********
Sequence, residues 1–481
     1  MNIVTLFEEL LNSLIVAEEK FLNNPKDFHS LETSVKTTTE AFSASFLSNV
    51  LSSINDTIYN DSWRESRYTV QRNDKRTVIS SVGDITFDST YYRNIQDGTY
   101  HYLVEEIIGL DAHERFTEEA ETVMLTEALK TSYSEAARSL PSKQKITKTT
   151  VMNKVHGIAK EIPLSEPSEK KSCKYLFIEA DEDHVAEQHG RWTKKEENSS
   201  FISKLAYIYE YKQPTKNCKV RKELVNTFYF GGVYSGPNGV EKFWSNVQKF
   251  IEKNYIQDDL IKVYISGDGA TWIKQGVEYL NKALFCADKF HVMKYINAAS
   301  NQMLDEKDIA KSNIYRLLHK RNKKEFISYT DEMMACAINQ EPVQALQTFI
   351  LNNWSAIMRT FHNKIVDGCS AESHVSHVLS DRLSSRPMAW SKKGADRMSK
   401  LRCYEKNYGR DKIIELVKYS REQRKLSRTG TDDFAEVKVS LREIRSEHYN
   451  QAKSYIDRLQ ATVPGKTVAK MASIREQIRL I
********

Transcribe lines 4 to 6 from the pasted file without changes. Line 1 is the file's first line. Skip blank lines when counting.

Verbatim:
   101  HYLVEEIIGL DAHERFTEEA ETVMLTEALK TSYSEAARSL PSKQKITKTT
   151  VMNKVHGIAK EIPLSEPSEK KSCKYLFIEA DEDHVAEQHG RWTKKEENSS
   201  FISKLAYIYE YKQPTKNCKV RKELVNTFYF GGVYSGPNGV EKFWSNVQKF